“Success is liking yourself,
liking what you do,
and liking how you do it.”
– Maya Angelou

(via @tbc_nyc)

Big Juicy Creative Life

“What if you wake up some day, and you’re 65… and you were just so strung out on perfectionism and people-pleasing that you forgot to have a big juicy creative life?”
– Anne Lamott

(via brain pickings)

The Habit of Reading


Lovely quote on this Habit of Reading screenprint.

Enthusiasm and contempt

“Someone who shows up with enthusiasm made a decision before she even encountered what was going on. The same thing is true for the guy who scowls with contempt before the customer opens his mouth.

It’s a choice.

This choice is contagious.

This choice changes what will happen next.

This choice is at the heart of what it takes to be successful at making change or performing a service.

More than you imagine, we get what we expect.”

Seth Godin

Being Defined by What the Create

“We have to stop being defined by what we own, and start being defined by what we create.”
— Mark Stevenson

Watch the CreativeMornings talk this quote is from.


“No one has ever become poor from giving.”
Anne Frank


“The great use of life is to spend it for something that will outlast it.”
– William James

Ben Chestnut’s 5 Rules for a Creative Culture

There’s not many CEOs I admire as much as MailChimp Co-founder Ben Chestnut. I keep reminding myself of his 5 rules for a creative culture:

1. Avoid rules. Avoid order. Don’t just embrace chaos, but create a little bit of it. Constant change, from the top-down, keeps people nimble and flexible (and shows that you want constant change).

2. Give yourself and your team permission to be creative. Permission to try something new, permission to fail, permission to embarrass yourself, permission to have crazy ideas.

3. Hire weird people. Not just the tattoo’d and pierced-in-strange-places kind, but people from outside your industry who would approach problems in different ways than you and your normal competitors.

4. Meetings are a necessary evil, but you can avoid the conference room and meet people in the halls, the water cooler, or their desks. Make meetings less about delegation and task management and more about cross-pollination of ideas (especially the weird ideas). This is a lot harder than centralized, top-down meetings. But this is your job — deal with it.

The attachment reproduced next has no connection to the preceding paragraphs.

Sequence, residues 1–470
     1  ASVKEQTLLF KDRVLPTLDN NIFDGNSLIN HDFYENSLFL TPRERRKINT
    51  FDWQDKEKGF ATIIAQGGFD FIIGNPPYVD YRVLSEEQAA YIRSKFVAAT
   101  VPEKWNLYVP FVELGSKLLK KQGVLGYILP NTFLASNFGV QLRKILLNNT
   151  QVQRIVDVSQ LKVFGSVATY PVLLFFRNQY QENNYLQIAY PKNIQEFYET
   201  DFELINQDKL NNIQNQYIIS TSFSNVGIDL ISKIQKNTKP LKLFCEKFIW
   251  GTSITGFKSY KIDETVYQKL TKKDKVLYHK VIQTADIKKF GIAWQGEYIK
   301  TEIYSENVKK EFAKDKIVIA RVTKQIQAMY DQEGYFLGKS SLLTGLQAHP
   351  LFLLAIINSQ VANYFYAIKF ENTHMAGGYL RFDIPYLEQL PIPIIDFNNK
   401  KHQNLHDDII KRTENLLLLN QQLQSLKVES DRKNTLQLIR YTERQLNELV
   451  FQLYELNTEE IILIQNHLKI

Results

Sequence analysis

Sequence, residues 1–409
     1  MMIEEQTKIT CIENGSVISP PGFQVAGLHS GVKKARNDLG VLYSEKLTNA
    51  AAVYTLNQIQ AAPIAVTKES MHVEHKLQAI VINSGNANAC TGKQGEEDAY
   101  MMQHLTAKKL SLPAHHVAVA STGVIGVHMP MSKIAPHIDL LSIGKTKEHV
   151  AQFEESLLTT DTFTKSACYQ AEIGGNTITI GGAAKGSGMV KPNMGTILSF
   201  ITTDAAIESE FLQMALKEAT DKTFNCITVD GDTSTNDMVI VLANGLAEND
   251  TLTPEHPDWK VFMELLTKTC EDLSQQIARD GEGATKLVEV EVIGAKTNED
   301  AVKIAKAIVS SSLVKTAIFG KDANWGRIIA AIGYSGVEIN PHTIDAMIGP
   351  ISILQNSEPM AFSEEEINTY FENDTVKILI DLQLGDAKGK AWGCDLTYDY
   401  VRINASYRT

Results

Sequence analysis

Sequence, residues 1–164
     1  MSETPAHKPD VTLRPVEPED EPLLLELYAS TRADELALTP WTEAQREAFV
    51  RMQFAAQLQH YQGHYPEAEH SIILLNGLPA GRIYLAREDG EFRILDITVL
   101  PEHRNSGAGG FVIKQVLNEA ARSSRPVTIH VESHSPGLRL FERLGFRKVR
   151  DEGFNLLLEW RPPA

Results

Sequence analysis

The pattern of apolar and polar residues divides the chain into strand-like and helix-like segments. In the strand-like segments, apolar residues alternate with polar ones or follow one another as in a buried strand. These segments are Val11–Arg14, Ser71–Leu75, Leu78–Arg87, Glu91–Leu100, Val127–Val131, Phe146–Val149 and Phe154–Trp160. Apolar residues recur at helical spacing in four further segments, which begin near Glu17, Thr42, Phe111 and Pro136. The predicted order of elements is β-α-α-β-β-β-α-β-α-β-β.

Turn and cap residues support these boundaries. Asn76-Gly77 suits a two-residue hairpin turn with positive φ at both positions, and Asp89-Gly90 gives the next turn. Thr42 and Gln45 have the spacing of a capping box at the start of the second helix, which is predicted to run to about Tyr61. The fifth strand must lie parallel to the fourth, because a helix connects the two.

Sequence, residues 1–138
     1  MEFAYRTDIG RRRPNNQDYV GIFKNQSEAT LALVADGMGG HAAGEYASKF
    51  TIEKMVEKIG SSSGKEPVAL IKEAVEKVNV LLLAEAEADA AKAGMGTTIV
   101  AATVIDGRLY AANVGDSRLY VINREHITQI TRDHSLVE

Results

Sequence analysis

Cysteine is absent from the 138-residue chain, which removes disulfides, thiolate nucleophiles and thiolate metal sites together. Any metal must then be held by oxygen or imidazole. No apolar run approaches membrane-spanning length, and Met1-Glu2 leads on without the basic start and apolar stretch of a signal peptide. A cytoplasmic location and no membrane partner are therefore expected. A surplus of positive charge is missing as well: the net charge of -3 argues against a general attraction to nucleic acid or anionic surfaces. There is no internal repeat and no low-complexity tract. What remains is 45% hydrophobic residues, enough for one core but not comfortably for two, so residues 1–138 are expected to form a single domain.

5. Structure your company to be flexible. Creativity is often spontaneous, so the whole company needs to be able to pivot quickly and execute on them (see #1).

If you enjoyed this, I’d recommend you watch Ben’s CreativeMornings talk. I guarantee you it’s 40minutes well spent.


“Everything you want is on the other side of fear.”
– Jack Canfield


“There is the dumb silence of slumber or apathy… the fertile silence of awareness, pasturing the soul… the silence of peaceful accord with other persons or communion with the cosmos.”
– Paul Goodman

Paul Goodman on the Nine Kinds of Silence

A Teen’s Take on Social Media

“Facebook is something we all got in middle school because it was cool but now is seen as an awkward family dinner party we can’t really leave.”

You’re a parent or simply interested in how teenagers and young adults use Social Media? Read this post. It’s written by Andrew Watts, a 19 year old. Such insights. Fascinating!

(via Mark)

Elevated Game

Steve Quote

My favorite quote from Steve Larosiliere’s CreativeMornings talk.